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10

I have never heard of any sort of "odd/even" performance impact of a RAID5/6 array, and like you, I can't find anything useful from a quick web search. There are potential issues with the number of disks and write performance in a RAID5/6 array, but they're related to "more disks == slower writes", because (depending on the implementation) the RAID system ...


5

Looks like the filesystem was hosed and the fsck didn't fully repair it. At this point I'd be tempted to check the logs to see if the disks are all physically working (noises? SMART status? errors in the logs regarding resets? etc.) and restore from backup rather than spend more time trying to straighten out the results of the fsck.


4

That's kinda awkward due to read-write cache is always there in despite of having RAID or a single disk block device. But there's one knob which can add more RAM for RAID's own stripe-cache: /sys/block/mdYOUR_MD_NUMBER/md/stripe_cache_size stripe_cache_size (currently raid5 only) number of entries in the stripe cache. This is writable, but ...


4

How does the RA setting get passed down the virtual block device chain? It depends. Let's assume you are inside Xen domU and have RA=256. Your /dev/xvda1 is actual LV on the dom0 visible under /dev/dm1. So you have RA(domU(/dev/xvda1)) = 256 and RA(dom0(/dev/dm1)) = 512 . It will have such effect that dom0 kernel will access /dev/dm1 with another RA ...


4

I would say that you are in a pretty bad shape. If you are simply desperate to somehow recover some of your data and don't care much about the LVM (whose metadata is probably already corrupt, judging by the IO errors from vgchange -an), I would recommend going low level. Remember, LVM is just a wrapper around the kernel device mapper, so you can use dmsetup ...


3

You can use the --assume-clean option. From the man: Tell mdadm that the array pre-existed and is known to be clean. It can be useful when trying to recover from a major failure as you can be sure that no data will be affected unless you actually write to the array. It can also be used when creating a RAID1 or RAID10 if you want to avoid the ...


3

For Linux md RAID, the only constraint I'm aware of is that the new drive must be no smaller than the old one. For that reason, I often move to the next drive size up (ie, last time a 1TB HDD failed, I replaced it with a 2TB; sacrificing the extra blocks was less time - and therefore money - than agonising about whether the new 1TB drive was 20,000 blocks ...


3

Likely your best bet is a hardware problem somewhere between your disks and up to and including your sas raid controller. I recommend trying: 1) Run any diagnostic tools from the vendor/s if they are available, 2) Check/re-seat/replace cables, 3) strip out hardware components and swap out hardware in the chain that connects the disks to your raid controller, ...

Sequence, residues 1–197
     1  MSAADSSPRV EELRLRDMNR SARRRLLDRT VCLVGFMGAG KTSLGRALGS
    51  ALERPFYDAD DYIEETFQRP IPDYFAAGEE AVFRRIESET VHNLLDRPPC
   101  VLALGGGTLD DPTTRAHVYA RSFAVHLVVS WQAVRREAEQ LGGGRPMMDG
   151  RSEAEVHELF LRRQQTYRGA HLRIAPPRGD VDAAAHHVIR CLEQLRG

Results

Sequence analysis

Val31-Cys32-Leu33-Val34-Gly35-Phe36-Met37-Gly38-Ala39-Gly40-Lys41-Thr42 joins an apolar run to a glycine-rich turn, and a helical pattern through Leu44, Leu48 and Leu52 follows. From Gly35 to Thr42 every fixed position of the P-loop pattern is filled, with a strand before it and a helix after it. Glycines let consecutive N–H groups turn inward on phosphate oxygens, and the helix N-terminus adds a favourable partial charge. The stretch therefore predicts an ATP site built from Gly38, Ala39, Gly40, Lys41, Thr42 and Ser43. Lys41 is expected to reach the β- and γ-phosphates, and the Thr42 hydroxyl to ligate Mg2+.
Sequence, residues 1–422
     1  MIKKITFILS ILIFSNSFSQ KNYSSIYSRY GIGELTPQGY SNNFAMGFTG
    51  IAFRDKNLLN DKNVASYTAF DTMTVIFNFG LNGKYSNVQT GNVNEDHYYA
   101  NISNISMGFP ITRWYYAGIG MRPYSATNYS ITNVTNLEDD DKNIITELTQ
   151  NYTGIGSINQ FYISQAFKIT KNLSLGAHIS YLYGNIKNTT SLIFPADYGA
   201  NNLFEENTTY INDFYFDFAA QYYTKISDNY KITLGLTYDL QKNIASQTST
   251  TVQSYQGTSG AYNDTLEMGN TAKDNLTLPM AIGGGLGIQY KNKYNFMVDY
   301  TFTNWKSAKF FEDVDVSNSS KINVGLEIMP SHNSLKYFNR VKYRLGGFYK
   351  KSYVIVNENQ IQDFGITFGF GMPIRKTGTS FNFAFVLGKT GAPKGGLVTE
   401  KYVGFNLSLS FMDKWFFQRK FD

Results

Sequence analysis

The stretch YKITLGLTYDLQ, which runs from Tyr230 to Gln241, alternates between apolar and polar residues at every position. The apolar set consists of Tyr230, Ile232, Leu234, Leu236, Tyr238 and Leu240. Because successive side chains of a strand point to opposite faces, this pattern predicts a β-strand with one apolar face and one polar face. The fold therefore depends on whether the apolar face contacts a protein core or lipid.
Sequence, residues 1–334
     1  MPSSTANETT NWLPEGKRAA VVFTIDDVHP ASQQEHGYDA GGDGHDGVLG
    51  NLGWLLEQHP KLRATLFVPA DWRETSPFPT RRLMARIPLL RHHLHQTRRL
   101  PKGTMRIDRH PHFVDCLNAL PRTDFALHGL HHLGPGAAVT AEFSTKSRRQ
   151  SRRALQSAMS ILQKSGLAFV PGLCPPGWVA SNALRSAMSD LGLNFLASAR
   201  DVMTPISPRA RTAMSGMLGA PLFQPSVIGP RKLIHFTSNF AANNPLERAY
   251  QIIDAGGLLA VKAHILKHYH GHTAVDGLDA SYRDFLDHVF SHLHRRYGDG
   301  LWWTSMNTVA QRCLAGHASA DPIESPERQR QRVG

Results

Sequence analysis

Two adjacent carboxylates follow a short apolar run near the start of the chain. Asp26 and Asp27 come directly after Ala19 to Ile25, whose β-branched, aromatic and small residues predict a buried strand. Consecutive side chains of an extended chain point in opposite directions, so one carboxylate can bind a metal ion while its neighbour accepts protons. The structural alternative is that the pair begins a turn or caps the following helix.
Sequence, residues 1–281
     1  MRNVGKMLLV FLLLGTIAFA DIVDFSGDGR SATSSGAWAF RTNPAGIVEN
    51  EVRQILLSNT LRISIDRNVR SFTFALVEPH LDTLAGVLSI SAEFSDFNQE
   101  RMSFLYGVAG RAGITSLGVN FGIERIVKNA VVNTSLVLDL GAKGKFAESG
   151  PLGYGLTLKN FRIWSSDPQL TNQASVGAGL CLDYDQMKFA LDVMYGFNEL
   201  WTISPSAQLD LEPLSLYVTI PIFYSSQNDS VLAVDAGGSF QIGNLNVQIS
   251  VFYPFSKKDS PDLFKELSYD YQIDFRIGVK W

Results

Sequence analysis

3

Maybe it's too late now, but did you update your mdadm.conf file after adding you new drive? If you change a disk, your array won't have the same uuid anymore, and at reboot it will be looking for the old drive, not knowing that the new drive is here. Here's the command to generate the lines for mdadm.conf : mdadm --detail --scan About the boot ...


3

"what is the better choice for a normal server without frequent changes to disks and partition setup?" To answer your question you posed, there is a reason there are so many options for disk array setup to choose from. Each scenario has its own requirements, wants/needs, performance related issues, etc. If you were to post what the server was going to be ...


3

The HP MSA60 and MSA70 both present themselves as a simple SAS Expander with drives. I've been told by HP and it's reps that they're only compatible with HPs other MSA and P-Series HBAs. However I've heard other people claim they work fine with other hardware. YMMV. Using them with a Dell unit wouldn't be supported by either company (that support is a large ...


3

If you are not using LVM, you need to: remove the md device (using mdadm), remove the partition (using fdisk), recreate the needed partitions (using fdisk), and then recreate the md device (using mdadm).


3

The renaming of software raid devices is something unproblematic (here from md0 to md127). I've seen this over the last years and you shouldn't worry about it. But your were totally right to ask about the auto-assembly warnings. Here, the devil lies in the details. In dmesg you see it's trying to find mdadm 0.90c superblocks (the old ones). It fails and it ...


2

Having the RAID1 over the entire disk allows you to replace a defective disk without downtime (if the disk controller allows hot swapping). If you have separate partitions you can do more creative things. You can have /, /boot, and /srv different partitions. This allows you to split the RAID for / and do an OS upgrade in a VM that has access to the unused / ...


2

It is likely stalling before finishing because it requires the faulty disk to return some sort of status, but it's not getting it. Regardless, all your data is (or should be) intact with only 3 out of 4 disks. You say it ejects the faulty disk from the array - so it should still be running, albeit in degraded mode. Can you mount it ? You can force the ...


2